Most peanut butter would not qualify for ‘healthy’ claim under FDA’s new proposed rule, says Peanut Federation

Published in late September to coincide with the White House Conference on Hunger, Nutrition and Health, the proposed ruleUpdates the criteria for ‘healthy’ nutrient content claims on food labels, and for the first time restrictions the amount of added sugar firms can include in products bearing the claim (see box below).

The deadline for comments is February 16, 2023, with commentsThus far largely coming from individuals, with most trade associations and large food companies taking more time to formulate a formal response. However, some industry stakeholders have begun to weigh in.

Karl Zimmer, chairman of the United States Peanut Federation, noted that many peanut butters (including market leaders Jif and Skippy)have a small amount of added sugar for palatabilityAnd as such may not meet the criteria set by the FDA (although the agency has said it may “adjust the baseline values ​​for added sugars as warranted, based on specific considerations of the different food groups and subgroups”).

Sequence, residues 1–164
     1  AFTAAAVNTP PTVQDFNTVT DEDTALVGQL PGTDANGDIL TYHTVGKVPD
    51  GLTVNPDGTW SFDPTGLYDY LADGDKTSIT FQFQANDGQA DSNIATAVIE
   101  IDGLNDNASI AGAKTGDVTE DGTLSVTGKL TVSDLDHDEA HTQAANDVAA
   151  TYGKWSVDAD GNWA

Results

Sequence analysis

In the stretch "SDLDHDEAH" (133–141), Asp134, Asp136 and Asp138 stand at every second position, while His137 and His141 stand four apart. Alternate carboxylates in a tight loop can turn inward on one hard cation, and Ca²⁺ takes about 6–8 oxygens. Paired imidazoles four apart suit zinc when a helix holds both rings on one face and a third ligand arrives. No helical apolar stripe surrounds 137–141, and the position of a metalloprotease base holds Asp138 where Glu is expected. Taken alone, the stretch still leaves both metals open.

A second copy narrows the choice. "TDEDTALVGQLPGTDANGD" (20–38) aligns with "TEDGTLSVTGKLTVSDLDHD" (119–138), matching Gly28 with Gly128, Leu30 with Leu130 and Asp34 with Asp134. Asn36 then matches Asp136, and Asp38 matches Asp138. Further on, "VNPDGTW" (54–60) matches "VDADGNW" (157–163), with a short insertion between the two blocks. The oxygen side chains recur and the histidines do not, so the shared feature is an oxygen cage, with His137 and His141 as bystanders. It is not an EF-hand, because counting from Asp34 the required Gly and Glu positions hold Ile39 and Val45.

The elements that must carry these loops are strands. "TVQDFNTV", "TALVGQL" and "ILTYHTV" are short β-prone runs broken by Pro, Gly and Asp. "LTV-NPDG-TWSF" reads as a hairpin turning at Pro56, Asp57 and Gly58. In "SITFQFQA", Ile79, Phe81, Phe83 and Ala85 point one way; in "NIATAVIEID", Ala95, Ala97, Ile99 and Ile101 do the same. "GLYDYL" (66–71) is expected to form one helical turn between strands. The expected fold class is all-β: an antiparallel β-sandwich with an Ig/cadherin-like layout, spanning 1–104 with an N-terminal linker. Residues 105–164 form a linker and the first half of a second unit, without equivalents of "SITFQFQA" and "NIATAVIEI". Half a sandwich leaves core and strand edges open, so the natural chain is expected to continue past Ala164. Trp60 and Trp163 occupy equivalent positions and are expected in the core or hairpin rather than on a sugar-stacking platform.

Zimmer added: “Peanut butter is a good source of protein and healthy fats and contains high levels of arginine, an amino acid that can aid in proper growth and development. Under the current proposed rule, peanut butter falls in the ‘Individual Foods: Protein Food Products’ category and would be excluded from the ‘healthy’ definition due to the addition of a small amount of sugar in conventional peanut butter products.

“We propose that the added sugar limit for peanut butter be consistent with the limits placed on dairy products, such as yogurt, which is less than 5% of the RACC in the current proposed rule.”


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